WorldNomads contacted me to see if I was interested in contributing stories about voluntourism to their Responsible Travel page. I was pleased to do it and my first (of four) stories appears on WorldNomads.
“We will not be needing you.”
This was said in heavily accented English by a grumpy man who I later discovered was the director of the equestrian farm—a part of the non-profit therapeutic center that accepted and confirmed my volunteer position before I had arrived. The gruff man returned to his office and shut the door behind him, effectively closing the door to any further discussion. Another employee ventured out and sheepishly explained that they had decided not to take new volunteers for the summer. The person who had accepted my application had been fired the prior week and no one had bothered to contact the new volunteers. The employee’s manner seemed to convey the apology that the director would not provide.
I sat on the office’s front step, dumbstruck. I had done everything right—applied for the position, sent the required information, and confirmed my placement. I had been in Greece for a mere five days, had taken an overnight ferry to Crete, and had only just arrived that morning. My head was spinning with thoughts as one of the farm’s baby goats trotted by in a pair of diapers. Diapers. Somehow, this didn’t seem out of place with the surreal nature of what was happening. My fatigued brain replayed the director’s message one more time. I felt both incoherent and incredulous that so much planning could fall apart so quickly.
That was my first experience with voluntourism. Thankfully, it was not my last. Although I was tempted to fill my newfound free time by lounging on a beach sipping cold drinks and gorging on spanakopita, I wanted to do something different. I already knew what it was like to be a tourist—with a whole summer ahead of me, I wanted something more. Thankfully, a Plan B began to form. I had thoroughly researched Greek volunteer organizations prior to selecting the opportunity in Crete, so I remembered another non-profit organization that accepted foreign volunteers. I took a week to make my way back to the mainland so I could enjoy a few islands (while sipping cold drinks and gorging on spanakopita), and when I returned to Athens, I contacted the organization. They accepted my application immediately and before I knew it, I was back on a ferry to the neighboring island of Aegina to volunteer at a wildlife hospital.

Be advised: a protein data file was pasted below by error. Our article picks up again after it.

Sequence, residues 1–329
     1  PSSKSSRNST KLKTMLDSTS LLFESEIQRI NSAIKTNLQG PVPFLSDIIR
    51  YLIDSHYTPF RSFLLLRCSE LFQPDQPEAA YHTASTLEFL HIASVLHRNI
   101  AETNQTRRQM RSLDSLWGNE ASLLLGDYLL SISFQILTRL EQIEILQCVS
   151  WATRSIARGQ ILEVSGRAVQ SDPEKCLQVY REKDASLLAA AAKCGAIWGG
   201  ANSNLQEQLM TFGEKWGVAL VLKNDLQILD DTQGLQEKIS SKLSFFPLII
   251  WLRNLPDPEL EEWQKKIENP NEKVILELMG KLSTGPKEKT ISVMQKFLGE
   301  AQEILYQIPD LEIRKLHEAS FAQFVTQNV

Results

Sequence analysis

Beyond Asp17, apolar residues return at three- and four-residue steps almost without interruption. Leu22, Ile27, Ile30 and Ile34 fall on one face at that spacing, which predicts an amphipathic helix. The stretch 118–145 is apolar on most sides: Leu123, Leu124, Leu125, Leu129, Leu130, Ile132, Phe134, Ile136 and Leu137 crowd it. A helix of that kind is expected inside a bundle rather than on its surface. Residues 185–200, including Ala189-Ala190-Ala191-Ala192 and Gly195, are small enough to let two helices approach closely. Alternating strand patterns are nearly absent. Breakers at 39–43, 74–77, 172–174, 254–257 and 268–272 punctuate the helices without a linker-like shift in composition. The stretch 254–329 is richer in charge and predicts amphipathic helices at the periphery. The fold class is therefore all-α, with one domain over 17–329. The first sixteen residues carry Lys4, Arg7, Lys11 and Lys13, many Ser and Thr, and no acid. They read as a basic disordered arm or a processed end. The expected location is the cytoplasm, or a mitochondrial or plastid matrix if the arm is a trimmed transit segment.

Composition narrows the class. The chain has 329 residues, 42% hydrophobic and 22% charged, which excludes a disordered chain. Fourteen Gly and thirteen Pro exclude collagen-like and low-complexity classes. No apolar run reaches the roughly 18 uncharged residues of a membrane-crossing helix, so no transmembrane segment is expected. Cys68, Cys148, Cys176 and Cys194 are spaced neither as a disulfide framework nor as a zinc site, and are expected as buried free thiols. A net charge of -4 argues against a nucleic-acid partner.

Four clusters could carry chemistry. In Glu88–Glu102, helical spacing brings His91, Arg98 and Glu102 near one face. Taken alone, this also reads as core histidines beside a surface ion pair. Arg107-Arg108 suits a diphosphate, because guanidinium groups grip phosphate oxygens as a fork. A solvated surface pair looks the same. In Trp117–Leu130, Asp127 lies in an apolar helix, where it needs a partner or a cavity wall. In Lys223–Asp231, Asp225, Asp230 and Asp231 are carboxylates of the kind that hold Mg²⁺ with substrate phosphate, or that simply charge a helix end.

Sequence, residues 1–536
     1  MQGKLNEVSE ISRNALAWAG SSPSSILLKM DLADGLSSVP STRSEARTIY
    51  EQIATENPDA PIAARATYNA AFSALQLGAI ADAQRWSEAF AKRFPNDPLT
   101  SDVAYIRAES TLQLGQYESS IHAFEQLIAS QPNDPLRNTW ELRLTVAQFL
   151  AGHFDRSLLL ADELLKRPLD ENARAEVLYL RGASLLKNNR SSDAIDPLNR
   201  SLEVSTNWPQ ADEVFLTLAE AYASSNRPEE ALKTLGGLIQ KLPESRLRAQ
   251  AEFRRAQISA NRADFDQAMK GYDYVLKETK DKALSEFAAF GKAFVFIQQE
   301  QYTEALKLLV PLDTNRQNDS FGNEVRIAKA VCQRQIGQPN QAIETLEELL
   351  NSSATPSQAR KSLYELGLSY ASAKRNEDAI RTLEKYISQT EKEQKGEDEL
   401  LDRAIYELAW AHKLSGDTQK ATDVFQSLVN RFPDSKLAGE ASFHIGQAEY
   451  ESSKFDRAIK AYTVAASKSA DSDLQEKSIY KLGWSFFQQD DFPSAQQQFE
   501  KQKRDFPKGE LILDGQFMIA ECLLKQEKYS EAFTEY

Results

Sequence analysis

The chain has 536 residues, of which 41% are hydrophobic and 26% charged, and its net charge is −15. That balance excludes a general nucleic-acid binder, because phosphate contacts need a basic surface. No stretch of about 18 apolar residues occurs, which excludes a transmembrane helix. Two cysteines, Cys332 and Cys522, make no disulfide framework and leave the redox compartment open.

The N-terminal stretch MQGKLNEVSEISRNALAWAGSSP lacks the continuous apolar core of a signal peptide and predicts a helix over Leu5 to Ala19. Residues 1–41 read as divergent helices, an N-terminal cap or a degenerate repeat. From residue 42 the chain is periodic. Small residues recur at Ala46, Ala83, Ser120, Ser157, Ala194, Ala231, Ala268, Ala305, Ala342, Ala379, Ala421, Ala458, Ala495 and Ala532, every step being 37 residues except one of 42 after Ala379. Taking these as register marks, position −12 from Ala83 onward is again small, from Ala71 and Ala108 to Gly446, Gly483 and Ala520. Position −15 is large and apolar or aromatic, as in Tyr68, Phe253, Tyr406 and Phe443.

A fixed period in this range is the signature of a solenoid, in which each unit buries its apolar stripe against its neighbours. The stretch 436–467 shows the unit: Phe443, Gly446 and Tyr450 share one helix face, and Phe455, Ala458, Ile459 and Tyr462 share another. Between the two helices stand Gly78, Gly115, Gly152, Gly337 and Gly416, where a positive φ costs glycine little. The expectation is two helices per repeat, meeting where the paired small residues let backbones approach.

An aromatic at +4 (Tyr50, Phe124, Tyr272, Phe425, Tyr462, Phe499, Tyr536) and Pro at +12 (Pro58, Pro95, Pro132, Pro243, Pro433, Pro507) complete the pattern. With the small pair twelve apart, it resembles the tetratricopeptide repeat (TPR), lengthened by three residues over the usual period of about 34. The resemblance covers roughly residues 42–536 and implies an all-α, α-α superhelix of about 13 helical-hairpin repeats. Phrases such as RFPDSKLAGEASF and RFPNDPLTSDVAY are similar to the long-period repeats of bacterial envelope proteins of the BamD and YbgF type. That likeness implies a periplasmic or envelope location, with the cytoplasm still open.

My experience with the wildlife hospital turned out to be both extremely challenging and rewarding in equal measure. It pushed me to do things that I had never imagined myself doing—bandaging and medicating animals, performing a necropsy, catching birds to prepare them for release in the wild, and the monotonous, day-to-day care and maintenance of wild animals. During a particularly memorable day at the hospital, I found myself on the cold floor of the main building with an injured stork in my lap. The large bird had collided with electric lines earlier in the day, which sheared off a wing, amputated part of its leg, and paralyzed half of its body. In its terror and pain, the stork had been flailing around the hospital floor before I gently picked it up and cradled it in my lap so it wouldn’t hurt itself further. As I gently stroked its body and its long, graceful neck, the remaining stump of its leg quivered as though electricity still coursed through it. This bird, which would normally fly away at the approach of a human being, accepted my attempts to soothe its traumatized body and the crazed look in its eyes gradually mellowed with every gentle caress. The bird died later that night.
My first experience with voluntourism taught me a great deal about how quickly even the best-made plans could change, how resourceful and resilient I could be in a pinch, and what it means to experience a culture by investing yourself in it. I may not have been needed at the therapeutic farm in Crete, but I was needed somewhere, if for no other reason than to bring comfort to a stork while it struggled with the last moments of its life. The way that I traveled would change from then on.